Teachers who push back against testing regimes are also portrayed as radicals, rogue individuals using the educational equivalent of a filibuster.  The truth is that the actions of the Garfield teachers are not isolated at this present moment in the United States. Nationwide, there is a growing movement to taper standardized tests into a more controlled and purposeful use. Teachers, parents, students, professors, and other concerned community members are pushing to make tests serve schools rather that schools serve tests and the multimillion-dollar industry that makes them. These groups include parents in Texas, administrators in New York , and the National Center for Fair and Open Testing. For courageously joining this movement, Garfield High School teachers should be supported by every citizen who wishes to improve the education of this country.

Feature photo: albertogp123/Flickr

Photo: dcJohn/Flickr

About Emery Petchauer

Dr. Emery Petchauer is assistant professor of teacher development and educational studies at Oakland University. He is the author of Hip-Hop Culture in College Students’ Lives: Elements, Embodiment and Higher Edutainment”. (Routledge)


  1. wellokaythen says:

    There are good reasons and bad reasons to oppose standardized testing, just as there good and bad reasons to use it. Tests like the MAP can be useful tools, but not at the expense of other tools. It’s like mandating that the only tool you can use to build a house is a nailgun. Incredibly useful, but not by itself.

    Many teachers who oppose large-scale standardized tests do so because the tests can be used unfairly to make personnel decisions. Teachers can be promoted or demoted based on their students’ test scores, even though there are all sorts of external factors at work that teachers have no control over. School districts tend to act like every group of students are consistently the same, so therefore the only thing that affects their scores is the teacher. When, in fact, there is a lot of variation from class to class and school to school.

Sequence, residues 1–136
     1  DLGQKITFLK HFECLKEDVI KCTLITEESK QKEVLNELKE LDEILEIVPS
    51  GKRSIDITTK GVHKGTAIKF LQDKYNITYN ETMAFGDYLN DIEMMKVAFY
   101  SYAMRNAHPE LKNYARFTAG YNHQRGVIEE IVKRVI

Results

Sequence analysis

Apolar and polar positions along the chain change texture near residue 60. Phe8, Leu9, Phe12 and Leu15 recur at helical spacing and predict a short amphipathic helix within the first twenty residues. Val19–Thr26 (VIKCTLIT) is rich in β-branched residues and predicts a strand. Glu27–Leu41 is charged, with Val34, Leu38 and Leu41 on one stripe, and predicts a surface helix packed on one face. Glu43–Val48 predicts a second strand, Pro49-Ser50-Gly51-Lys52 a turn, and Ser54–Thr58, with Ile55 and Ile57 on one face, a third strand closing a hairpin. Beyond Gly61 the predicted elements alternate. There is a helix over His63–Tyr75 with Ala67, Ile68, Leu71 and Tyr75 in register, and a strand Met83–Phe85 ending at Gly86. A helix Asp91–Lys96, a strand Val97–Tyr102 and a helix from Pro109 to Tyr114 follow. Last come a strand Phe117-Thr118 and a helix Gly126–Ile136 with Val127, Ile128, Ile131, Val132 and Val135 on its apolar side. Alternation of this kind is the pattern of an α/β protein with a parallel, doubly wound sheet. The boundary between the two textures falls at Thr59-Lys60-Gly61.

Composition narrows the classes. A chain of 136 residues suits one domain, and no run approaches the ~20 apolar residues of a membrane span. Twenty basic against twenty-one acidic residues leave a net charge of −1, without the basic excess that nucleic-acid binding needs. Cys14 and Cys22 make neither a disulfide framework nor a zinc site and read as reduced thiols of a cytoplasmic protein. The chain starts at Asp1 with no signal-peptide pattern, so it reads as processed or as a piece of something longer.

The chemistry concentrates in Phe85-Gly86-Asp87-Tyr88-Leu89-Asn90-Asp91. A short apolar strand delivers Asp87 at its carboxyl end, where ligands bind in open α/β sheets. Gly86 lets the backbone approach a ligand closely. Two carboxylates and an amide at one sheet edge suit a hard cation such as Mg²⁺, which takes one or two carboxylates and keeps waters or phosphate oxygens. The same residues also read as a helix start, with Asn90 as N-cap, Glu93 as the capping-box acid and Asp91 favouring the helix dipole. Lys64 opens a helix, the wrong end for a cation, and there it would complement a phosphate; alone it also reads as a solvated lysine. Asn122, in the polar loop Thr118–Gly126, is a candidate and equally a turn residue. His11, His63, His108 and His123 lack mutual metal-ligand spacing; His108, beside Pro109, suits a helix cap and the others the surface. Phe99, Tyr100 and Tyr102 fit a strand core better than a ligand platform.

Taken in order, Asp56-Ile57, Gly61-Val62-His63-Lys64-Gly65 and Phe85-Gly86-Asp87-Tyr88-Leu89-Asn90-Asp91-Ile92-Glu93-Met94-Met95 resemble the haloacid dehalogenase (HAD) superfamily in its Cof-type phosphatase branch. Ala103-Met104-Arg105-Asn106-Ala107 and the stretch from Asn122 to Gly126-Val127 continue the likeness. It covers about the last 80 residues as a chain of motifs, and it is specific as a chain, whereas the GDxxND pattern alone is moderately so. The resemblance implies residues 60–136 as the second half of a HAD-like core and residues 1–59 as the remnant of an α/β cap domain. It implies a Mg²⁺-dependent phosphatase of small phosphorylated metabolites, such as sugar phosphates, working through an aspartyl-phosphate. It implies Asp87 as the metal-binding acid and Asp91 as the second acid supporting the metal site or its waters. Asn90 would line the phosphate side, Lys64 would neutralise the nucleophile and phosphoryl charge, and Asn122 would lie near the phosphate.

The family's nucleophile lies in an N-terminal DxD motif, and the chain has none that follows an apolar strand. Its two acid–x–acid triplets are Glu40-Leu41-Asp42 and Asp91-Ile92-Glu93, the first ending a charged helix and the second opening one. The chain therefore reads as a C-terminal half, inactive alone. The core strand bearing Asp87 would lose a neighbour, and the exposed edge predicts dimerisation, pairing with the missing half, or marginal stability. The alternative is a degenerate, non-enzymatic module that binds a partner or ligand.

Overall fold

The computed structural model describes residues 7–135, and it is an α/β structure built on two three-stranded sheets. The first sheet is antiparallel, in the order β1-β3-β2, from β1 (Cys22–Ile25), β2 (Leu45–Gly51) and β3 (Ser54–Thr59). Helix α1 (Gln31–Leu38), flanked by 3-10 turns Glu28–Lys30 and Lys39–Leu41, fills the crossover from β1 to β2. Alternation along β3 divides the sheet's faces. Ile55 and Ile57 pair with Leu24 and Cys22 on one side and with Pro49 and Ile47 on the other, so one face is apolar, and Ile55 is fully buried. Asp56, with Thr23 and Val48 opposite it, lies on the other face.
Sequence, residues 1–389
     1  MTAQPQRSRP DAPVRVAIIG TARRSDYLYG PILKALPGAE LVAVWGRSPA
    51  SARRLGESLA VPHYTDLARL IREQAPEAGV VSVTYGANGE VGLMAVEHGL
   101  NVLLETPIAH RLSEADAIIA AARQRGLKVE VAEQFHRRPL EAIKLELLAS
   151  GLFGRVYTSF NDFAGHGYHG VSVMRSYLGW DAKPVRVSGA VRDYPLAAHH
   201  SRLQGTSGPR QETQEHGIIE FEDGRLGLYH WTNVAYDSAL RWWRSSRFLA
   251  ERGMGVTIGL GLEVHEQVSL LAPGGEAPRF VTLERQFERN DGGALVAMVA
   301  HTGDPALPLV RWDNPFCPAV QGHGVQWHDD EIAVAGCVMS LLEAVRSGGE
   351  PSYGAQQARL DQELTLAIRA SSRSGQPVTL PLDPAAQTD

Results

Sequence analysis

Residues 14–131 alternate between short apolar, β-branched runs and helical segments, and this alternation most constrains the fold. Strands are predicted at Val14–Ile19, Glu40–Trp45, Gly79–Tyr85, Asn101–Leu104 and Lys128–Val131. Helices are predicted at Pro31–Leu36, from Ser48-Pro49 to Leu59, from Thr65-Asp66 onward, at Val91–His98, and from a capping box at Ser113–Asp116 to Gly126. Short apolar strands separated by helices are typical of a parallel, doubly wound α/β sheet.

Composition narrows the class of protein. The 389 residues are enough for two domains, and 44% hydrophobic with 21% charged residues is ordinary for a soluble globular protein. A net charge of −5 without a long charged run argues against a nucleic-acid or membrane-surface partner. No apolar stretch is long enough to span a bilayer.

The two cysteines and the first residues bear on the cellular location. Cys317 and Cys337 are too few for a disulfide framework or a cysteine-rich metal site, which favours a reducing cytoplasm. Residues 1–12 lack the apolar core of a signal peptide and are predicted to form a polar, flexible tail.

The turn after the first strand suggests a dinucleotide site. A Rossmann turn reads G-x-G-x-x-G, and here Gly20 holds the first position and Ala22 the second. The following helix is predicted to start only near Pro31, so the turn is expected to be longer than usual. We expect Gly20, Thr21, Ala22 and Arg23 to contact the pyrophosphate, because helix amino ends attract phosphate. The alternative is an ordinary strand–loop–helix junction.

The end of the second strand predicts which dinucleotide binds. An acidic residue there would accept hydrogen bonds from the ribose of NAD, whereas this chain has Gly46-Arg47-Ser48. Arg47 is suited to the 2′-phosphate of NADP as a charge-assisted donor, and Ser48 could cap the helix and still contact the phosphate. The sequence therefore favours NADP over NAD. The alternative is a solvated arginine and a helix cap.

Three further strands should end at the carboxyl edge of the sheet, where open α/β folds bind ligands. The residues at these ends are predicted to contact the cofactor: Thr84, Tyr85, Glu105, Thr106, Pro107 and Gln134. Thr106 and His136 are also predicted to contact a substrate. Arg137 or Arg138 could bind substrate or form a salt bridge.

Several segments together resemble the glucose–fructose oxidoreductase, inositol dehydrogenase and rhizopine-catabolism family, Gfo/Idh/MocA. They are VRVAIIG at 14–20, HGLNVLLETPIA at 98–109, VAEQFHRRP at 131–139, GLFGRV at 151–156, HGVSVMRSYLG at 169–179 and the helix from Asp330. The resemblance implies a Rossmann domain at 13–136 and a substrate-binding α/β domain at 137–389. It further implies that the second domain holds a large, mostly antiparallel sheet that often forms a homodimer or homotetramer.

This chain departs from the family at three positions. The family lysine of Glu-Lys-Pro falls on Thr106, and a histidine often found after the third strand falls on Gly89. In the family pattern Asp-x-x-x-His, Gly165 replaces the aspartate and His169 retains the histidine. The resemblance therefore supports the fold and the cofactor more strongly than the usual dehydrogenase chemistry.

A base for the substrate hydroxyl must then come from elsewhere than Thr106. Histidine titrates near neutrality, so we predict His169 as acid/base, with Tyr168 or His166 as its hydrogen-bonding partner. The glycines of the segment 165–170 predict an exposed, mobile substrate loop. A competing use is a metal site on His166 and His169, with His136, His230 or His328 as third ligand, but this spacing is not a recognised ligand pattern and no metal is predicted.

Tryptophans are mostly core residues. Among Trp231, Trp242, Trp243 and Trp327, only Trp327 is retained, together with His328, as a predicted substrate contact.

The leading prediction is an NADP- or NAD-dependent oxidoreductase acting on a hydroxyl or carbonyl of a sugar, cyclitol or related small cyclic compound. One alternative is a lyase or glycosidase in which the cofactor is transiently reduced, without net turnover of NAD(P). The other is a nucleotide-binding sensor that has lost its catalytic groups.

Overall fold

Another reason is the monotony of teaching to the test. Not only does teaching to a standardized test mean less work in many cases, the work that’s left tends to be incredibly tedious and boring, even more tedious and boring than the usual over-determined curricula. The only thing less monotonous is the grading, which can be done by a machine. Bubble sheet after bubble sheet, and you never have to write on a kid’s paper ever again.

    Multiple choice tests are not great preparation for life. The only thing it really prepares them for is casting a ballot. I mean, I passed my multiple choice driving test with flying colors. Therefore I must be a very good driver, right?

  2. Given all the recent studies indicating that female teachers have a strong bias against male students, I find it impossible to support this. If female teachers already disregard test scores in order to punish male students for typically male behavior, this looks like the only way to correct for that. We have too few males who get into college — many of whom don’t even try because they see a system rigged against them in grade school. The last thing we need is to give teachers more leeway to indulge in their misandry.

    So testing it is.

  3. marian meade says:

    Bravo teachers!